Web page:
GREEN BAY, Wis. — Aaron Rodgers was cleared to return from a left collarbone injury, just in time to start Sunday for the Packers against the Chicago Bears in a game to decide the NFC North title.
With no advance warning and little fanfare, the franchise quarterback received the long-awaited good news at the same time as the rest of his teammates Thursday.
“This is a fun day for me, but I think the focus needs to be on this game and the opportunity we have to win the division,” Rodgers said.
Soon enough. But the spotlight for now is squarely on the return of one of the NFL’s most irreplaceable players.
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Green Bay (7-7-1) is 2-5-1 since Rodgers went down during the first series of a 27-20 loss Nov. 4 to Chicago. The Packers have managed to hang on, with a shot to win a third straight division title with a victory Sunday at Soldier Field.
“I’ll start with the announcement that we’re preparing for the Chicago Bears with Aaron Rodgers as our starting quarterback,” coach Mike McCarthy told reporters after practice.
Win and Green Bay returns to Lambeau Field the following weekend to host a wild-card team in the first round of the playoffs.
“We’re in it. You know we have a chance against our rivals, and what a better way than to go down there and get some redemption and host a home playoff game,” Rodgers said.
The last two months have been filled with angst for Packers fans. Discussions about whether Rodgers should risk future injury or return to bolster Green Bay’s playoff chances have filled sports talk radio shows and holiday office parties.
Now imagine what it was like for the Packers’ brass and team doctor. The organization made a big investment in Rodgers this past offseason, signing him to a five-year contract extension through the 2019 season worth as much as $110 million.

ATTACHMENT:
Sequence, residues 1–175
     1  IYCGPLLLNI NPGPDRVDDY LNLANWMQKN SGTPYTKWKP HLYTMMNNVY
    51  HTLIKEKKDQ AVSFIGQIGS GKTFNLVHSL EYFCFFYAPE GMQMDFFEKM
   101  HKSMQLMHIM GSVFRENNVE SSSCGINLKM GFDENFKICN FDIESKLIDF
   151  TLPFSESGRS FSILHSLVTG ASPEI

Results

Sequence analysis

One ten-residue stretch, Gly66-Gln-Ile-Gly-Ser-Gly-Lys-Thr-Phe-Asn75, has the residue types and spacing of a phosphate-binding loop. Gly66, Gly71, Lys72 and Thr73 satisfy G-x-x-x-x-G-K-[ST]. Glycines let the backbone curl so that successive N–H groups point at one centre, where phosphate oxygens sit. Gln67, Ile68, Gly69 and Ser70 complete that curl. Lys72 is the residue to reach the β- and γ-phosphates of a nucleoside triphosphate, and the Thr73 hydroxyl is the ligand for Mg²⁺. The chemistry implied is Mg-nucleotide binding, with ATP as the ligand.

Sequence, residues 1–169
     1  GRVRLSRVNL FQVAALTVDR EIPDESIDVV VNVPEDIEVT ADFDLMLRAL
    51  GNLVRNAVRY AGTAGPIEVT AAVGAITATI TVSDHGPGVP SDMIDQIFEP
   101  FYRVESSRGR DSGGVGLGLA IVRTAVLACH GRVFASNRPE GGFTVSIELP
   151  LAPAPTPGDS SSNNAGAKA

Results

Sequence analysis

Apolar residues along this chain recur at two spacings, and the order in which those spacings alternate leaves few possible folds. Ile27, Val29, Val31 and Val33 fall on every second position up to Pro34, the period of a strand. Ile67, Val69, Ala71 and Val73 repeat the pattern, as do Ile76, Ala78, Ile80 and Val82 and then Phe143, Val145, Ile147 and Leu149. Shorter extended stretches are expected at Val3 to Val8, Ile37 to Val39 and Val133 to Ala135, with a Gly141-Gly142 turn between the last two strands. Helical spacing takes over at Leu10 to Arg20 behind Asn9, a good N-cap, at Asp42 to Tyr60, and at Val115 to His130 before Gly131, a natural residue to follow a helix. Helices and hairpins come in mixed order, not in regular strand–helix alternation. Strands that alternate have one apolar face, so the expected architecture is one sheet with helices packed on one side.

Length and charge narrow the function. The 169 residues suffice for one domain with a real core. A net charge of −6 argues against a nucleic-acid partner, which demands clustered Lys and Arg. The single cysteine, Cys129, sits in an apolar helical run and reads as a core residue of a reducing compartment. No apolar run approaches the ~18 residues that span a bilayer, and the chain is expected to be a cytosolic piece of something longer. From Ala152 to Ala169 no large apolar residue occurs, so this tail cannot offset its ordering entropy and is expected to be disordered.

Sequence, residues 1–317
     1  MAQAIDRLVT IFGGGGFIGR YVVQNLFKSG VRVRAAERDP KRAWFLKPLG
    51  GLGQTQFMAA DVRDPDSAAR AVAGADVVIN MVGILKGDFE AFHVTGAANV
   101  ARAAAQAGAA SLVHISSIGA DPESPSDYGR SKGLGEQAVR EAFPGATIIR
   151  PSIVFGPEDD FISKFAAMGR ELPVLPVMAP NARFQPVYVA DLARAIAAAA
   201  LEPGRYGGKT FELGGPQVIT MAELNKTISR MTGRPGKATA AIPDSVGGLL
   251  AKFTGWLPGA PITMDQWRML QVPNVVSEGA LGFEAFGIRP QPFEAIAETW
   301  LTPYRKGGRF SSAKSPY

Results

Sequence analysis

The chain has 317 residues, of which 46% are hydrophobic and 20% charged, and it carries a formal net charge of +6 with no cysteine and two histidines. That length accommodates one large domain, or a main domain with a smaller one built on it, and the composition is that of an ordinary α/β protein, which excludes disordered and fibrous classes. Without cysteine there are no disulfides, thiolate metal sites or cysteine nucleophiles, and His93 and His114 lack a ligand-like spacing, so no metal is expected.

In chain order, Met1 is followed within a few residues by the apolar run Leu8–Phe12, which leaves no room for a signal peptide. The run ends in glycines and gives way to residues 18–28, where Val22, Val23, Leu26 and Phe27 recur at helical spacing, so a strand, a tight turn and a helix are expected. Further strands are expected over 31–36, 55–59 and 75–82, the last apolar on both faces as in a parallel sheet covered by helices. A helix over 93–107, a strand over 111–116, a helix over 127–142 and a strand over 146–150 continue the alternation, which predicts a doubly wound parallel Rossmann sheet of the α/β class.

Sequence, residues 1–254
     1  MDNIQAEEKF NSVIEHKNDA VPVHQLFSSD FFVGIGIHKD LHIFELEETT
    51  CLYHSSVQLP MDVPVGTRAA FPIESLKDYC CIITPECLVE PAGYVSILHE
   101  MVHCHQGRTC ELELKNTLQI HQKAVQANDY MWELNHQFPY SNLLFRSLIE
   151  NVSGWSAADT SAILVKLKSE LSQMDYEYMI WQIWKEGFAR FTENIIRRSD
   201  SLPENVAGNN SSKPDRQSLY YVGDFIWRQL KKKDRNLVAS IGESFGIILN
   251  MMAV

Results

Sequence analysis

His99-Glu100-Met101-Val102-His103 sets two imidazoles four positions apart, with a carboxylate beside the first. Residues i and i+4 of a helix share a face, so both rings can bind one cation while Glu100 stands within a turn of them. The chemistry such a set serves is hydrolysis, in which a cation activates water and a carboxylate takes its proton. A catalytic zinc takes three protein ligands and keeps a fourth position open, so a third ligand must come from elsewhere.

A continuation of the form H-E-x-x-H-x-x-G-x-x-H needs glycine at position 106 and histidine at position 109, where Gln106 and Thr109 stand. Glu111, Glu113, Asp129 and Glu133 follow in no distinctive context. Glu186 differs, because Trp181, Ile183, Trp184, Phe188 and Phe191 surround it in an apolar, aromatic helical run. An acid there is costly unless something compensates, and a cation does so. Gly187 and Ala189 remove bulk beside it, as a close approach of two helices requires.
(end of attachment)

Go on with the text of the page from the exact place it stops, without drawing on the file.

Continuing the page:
“Every football player that plays in this game Sunday will have risk. I think we all understand that,” McCarthy said. “So we’ve done our due diligence. We’ve gone through all the evaluations, and we feel it is time. Aaron is ready to play.”
Rodgers is returning just when pass-rushing linebacker Clay Matthews is leaving the lineup again with a right thumb injury.
The Packers started the season 5-2 with Rodgers leading the offense. Things changed drastically after the 2011 NFL MVP got hurt on a sack while scrambling out of the pocket in the Week 9 loss to Chicago at Lambeau Field. The Packers went on a five-game winless skid, shuffling through three more starting quarterbacks.
Green Bay then won two straight with backup Matt Flynn before falling 38-31 last week to the Pittsburgh Steelers.
Rodgers’ impending return wasn’t the only good injury news in Titletown. Rookie running back Eddie Lacy was held out of practice with a lingering ankle injury, but McCarthy expects his 1,100-yard rusher to play Sunday.
• The Detroit Lions put tight end Dorin Dickerson on injured reserve, four days after he didn’t immediately tell the team’s medical staff he had a concussion during a game against the New York Giants.
• Buffalo Bills receiver Robert Woods said he was fined $15,000 by the NFL for punching Dolphins safety Reshad Jones.
• Dallas receiver Dez Bryant said he will play in a winner-take-all finale against Philadelphia despite missing practice because of a persistent back problem.
• Rookie receiver Tavon Austin missed another day of practice, lessening the odds he’ll be ready for the St. Louis Rams’ season finale at Seattle.
• Chiefs wide receiver Dwayne Bowe was diagnosed with a concussion and will likely miss this weekend’s game.
• Former All-Pro cornerback Nnamdi Asomugha will retire after 11 years in the NFL.
• ACL injuries are down, the NFL has told its Health and Safety Advisory Committee. In a memo obtained by AP, the league said research showed there were 30 ACL injuries in games through the preseason and first 13 weeks of the schedule. There were 39 such injuries in 2012, 35 in 2011 and 37 in 2010.